Engineering Biology & Materials Science
Synthesis considers the primary production or creation of material components via engineered biology.
We consider Synthesis as the primary production or creation of material components. In this roadmap, the focus is on the generation of material components via engineered biology. This includes utilizing or exploiting engineered biology to produce monomers, polymers, biomolecules, and macromolecules that serve as components of a material (bulk or otherwise). Key challenges in Synthesis include high-yield production of protein-based natural materials, such as spider silk and elastin, from engineered biology; alternative biological production systems and utilization of natural and non-natural nucleic and amino acids; and enabling re-synthesis or recycling of materials to enable greater sustainability.
Engineering biology has the capability to transform the materials generated through biosynthesis and the catalysts which facilitate their formation. In this depiction, novel monomers with orthogonal reactivity enable sequence-defined polymerization and the precise control of monomer order provides programmed higher order structure. Equally important, this synthesis is carried out by robustly engineered enzymes able to recognize non-natural monomers.
Biological synthesis and/or polymerization of non-natural and/or abiotic chemical monomers, excluding amino acids., ,
Identify and engineer enzymes to recognize and polymerize conventional chemical monomers (e.g., acrylamide).
Develop metabolic pathways to yield chiral cyclic monomers amenable to ring-opening polymerization.
Demonstrate side chain modification of polymeric scaffolds by biological reactions catalyzed by living cells.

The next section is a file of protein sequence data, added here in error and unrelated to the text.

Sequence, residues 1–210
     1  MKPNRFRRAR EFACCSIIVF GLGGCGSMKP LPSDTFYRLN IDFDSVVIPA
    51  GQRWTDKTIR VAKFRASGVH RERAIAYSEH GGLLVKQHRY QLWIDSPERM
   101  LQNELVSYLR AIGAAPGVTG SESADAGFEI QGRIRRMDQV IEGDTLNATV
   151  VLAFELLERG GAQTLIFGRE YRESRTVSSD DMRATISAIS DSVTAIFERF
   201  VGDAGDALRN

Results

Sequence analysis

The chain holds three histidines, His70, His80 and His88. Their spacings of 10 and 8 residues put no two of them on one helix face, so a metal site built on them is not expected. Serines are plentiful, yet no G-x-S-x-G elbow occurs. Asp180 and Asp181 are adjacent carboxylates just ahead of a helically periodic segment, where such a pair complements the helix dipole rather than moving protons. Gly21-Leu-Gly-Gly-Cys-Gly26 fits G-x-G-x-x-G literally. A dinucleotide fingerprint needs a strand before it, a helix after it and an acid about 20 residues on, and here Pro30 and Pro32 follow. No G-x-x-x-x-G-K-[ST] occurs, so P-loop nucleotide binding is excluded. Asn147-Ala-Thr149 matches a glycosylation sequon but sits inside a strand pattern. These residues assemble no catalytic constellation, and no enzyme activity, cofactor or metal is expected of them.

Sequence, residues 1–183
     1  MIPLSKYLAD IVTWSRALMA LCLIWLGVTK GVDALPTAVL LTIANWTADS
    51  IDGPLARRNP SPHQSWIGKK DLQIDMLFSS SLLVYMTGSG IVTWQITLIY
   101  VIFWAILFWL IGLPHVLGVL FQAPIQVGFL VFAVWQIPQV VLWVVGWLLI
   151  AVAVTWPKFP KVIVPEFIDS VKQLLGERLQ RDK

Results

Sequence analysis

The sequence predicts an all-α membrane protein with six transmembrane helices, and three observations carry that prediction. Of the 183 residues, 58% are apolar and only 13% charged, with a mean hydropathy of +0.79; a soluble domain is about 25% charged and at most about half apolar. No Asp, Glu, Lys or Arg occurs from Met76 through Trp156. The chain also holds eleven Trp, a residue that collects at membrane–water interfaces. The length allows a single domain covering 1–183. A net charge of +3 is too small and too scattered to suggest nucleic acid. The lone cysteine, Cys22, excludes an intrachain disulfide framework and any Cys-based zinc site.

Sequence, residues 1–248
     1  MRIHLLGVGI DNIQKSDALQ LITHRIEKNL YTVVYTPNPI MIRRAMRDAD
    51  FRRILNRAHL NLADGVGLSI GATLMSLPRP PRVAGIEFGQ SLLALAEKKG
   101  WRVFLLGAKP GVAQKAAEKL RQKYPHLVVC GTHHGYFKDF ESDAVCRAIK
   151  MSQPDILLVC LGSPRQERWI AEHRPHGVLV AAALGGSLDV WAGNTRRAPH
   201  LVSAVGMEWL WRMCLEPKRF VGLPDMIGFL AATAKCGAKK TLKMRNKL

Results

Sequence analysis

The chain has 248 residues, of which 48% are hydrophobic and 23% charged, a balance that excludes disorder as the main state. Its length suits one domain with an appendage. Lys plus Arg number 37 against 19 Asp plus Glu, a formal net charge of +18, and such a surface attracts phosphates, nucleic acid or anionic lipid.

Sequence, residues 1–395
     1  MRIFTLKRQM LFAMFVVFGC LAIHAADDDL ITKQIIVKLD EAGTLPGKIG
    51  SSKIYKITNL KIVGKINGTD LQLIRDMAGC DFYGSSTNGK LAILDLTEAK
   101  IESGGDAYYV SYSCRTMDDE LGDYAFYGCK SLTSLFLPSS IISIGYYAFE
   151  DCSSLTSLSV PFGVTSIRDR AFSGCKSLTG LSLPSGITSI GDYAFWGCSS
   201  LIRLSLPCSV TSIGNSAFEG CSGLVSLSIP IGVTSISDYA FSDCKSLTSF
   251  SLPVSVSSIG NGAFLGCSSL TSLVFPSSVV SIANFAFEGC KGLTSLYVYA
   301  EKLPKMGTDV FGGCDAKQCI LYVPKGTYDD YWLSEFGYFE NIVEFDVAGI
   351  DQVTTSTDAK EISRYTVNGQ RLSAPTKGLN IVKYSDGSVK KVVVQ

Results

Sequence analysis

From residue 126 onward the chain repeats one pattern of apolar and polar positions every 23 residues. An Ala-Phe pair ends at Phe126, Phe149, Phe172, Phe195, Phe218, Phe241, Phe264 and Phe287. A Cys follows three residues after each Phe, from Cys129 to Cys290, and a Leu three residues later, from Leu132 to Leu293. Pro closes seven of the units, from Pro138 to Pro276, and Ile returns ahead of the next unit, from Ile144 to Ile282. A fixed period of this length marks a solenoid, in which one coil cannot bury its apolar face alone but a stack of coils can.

Enable vinyl monomer production by engineering metabolic pathways for in situ polymerization reactions.
Expand the library of chemical monomers polymerizable by evolved enzymes.
Engineer complex orthogonal translation systems, including engineered orthogonal ribosomes, for site-directed incorporation of novel (non-amino acid) chemistries into polymers.
Enable complex polymer production (e.g., co-polymers, sequence-controlled polymers, brushed polymers) with enzymatic systems.
Hybrid chemical and biological synthesis methods.,
Characterize and improve the enzymology of orthogonal translation systems (OTSs) for site-directed incorporation of novel chemistries into polymers.
Enable hybrid flow chemistry-biocatalytic synthesis systems.
Full integration of heterogeneous chemical and biological catalysis in modular platforms that are stable after long-term storage and facilitate product switching.
Enable retrobiosynthesis of materials with desired properties, such as thermal conductivity or elasticity.
Engineering Biology (2019) Breakthrough Capabilities
Included in the roadmap are select breakthrough capabilities from our 2019 roadmap, Engineering Biology (below in green; milestones at 2021, 2024, 2029, and 2039). While these breakthrough capabilities were written in the context of advancing the field of engineering biology, the EBRC Materials Roadmapping Working Group leading this roadmapping project felt that the technical achievements elaborated in these breakthrough capabilities and their milestones directly contribute to achieving advancements in materials from engineering biology. This content has been incorporated as reference and, when pertinent, will be provided with context for its inclusion in this roadmap.